Utility irons have been persistently battling their relevance against hybrids and long irons over the last few years, producing a more trustworthy, predictable flight for golfers. We have seen a wide variety of concepts come to fruition, but the reality of these products usually lead to a singular result. Static launch and spin, with less forgiveness than a hybrid, but more control than an iron in a similar loft. Fortunately, the innovative collection of club designers at TaylorMade Golf have introduced a new category, which really does not surprise me that they are going about it in their own way. The lineup, known as “GAPR,” has introduced three unique designs that are intended to act as their name suggests (LO, MID, and HI). This review focuses solely on the “LO” GAPR, and the benefits of the design.
At first look, and certainly compared to the other GAPR products, the LO option has a tighter and more compact profile, with a weight positioned low and back on the head. Unlike the MID and HI designs, the back of the head does not show a lot of material behind the topline, which is welcomed for the golfer trying to get that iron profile at address. The stunning black finish gives it a unique look against a traditional iron profile, which might be just enough uniqueness to eliminate the reality in a brain that this club is quite a bit different in overall size and shape from an aggressive iron profile. As a golfer who spent a lot of time with the P790 irons and utility this year, a lot of the visual concepts lend themselves to that design, which was actually quite welcoming.
The problem with a name like “LO” is the complete expectation of a low launch and low spin result. Pairing the head with a mid/high launch and spin shaft like the KBS hybrid shaft was an interesting juxtaposition, yet I suspect their testing proved some serious freedom in shaft selection while still maintaining the expectation of a lower flight experience. Taking that idea in stride, the results from early testing shocked me as a golfer who typically does not have to chase launch or spin. In this sample, especially off of a fairway lie, producing low launching bullets was simple. Teeing the ball a bit higher supported the more traditional mid launch that worked well off the tee, while the results off of a fairway lie produced a very penetrating flight that would be absolutely perfect for windy days or dry conditions.
One of the biggest criticisms I have had for TaylorMade’s irons over the last half decade is the sound that is promoted from heads that have the speed pocket technology incorporated. I have had a terrible time making them sound good, while others have had very positive experiences both audibly and performance specific. This was something I felt was improved dramatically with the P790 release and SpeedFoam technology, but I do think this head falls less on the ‘sounds like an iron’ side of the spectrum and more on the manufactured sound profile – but again that is coming from someone who seems to force clubs to sound more manufactured in this type of design. After countless rounds and swings, the reality remains that quality strikes are audibly better and more enjoyable than bad strikes, which are punishing by sound.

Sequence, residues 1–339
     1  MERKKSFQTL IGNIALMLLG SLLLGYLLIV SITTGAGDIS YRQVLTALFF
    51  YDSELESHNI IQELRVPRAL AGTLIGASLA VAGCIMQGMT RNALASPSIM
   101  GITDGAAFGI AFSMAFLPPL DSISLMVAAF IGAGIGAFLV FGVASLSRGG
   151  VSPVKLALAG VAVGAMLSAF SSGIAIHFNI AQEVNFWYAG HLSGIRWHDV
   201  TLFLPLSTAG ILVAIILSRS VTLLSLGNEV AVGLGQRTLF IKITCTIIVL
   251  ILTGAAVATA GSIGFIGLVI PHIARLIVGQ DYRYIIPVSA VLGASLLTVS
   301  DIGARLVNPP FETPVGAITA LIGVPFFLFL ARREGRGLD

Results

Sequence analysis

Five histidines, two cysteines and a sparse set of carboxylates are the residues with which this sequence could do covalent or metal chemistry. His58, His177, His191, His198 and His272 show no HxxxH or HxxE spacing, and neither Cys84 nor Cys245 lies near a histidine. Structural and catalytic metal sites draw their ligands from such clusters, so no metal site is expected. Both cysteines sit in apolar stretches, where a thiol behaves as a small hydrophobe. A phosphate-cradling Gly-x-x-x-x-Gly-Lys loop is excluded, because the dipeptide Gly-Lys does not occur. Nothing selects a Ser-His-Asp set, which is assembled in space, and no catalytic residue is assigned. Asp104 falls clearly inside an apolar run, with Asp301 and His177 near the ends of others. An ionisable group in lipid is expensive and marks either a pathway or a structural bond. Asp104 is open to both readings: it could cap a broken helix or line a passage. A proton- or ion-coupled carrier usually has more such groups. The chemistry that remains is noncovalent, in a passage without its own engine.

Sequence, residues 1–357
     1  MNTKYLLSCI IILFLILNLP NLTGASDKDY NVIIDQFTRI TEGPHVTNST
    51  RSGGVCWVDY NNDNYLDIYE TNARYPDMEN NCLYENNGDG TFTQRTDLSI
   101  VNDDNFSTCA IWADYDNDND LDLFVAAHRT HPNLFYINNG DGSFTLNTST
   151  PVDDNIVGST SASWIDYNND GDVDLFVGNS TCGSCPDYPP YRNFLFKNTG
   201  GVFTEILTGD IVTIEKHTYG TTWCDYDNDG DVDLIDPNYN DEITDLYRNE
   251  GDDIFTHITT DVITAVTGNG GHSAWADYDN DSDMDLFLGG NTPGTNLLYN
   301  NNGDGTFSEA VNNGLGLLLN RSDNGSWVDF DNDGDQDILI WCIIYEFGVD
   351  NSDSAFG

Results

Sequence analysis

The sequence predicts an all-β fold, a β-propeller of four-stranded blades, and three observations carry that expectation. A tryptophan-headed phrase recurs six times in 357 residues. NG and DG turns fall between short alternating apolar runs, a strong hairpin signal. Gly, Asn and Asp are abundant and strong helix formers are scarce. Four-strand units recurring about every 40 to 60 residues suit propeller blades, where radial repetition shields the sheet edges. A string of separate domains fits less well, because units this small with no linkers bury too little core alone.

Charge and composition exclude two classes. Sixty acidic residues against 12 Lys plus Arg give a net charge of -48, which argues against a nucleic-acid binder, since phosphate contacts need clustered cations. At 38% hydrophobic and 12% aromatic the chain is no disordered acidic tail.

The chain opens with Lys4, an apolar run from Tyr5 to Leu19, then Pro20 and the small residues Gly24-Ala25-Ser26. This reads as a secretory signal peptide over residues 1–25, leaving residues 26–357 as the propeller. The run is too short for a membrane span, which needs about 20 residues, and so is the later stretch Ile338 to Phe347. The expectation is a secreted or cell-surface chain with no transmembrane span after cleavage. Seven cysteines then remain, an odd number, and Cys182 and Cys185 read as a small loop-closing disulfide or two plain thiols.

About half way through the review, I was tinkering with long irons and the GAPR off the tee, and it sort of validated the design and sound conversation for me. This club is not about being an iron or being a fairway wood, it is about creating a fair balance between the two in both shot flexibility and forgiveness, which lends validation to the inclusion of the MID and HI for golfers seeking a bit more forgiveness and consistency on off center strikes. What rung true for the duration of the review process was the expectation of getting exactly out of the shot what was put into it. Certainly not as punishing as the twenty year old 2 iron I have sitting in the staff bag across the office for decoration, but also not as forgiving as the selection of hybrids at my disposal. Rather, it was about penetrating, persistent flight off good swings that are completely playable and more than likely crippling to opposition as the course firms again next summer.
If the shape variance of LO, MID, and HI were not enough, each club includes Loft Sleeve which allows the golfer to slightly change the loft, lie, and launch characteristics of the GAPR LO. This is a great way to further customize flight for those who might be a bit steeper into the ball, without paying to have the club bent. If the aggressive 17 degrees of loft prove to be a bit too low, GAPR LO also comes in 19 and 22 degrees of loft (2,3, and 4 respectively). Perfect for filling the specific gap required to complete the bag.
After spending quite a bit of time with the P790 UDI I really struggled to see where GAPR LO would fit into my bag specifically against that club and other low lofted hybrids that have been in that slot. I was shocked to find a very new experience, one that will absolutely factor into my bag selection for the 2019 season and possibly even be interchanged with the UDI depending on the type of day and my swing. After tackling 6,500 yards comfortably with the GAPR LO as a primary tee selection, I am confident in saying that performance and versatility will both be well received by those seeking a low launching, penetrating product to replace that 17-22 degree slot in the golf bag. For more information on the TaylorMade GAPR LO, and other designs in the GAPR lineup, check out this THP TV spot breaking down the differences.
You can purchase GAPR at local retailers and online and places like www.budgetgolf.com where you can use the THP promo code 15OFFTHP to receive 15% off your purchase.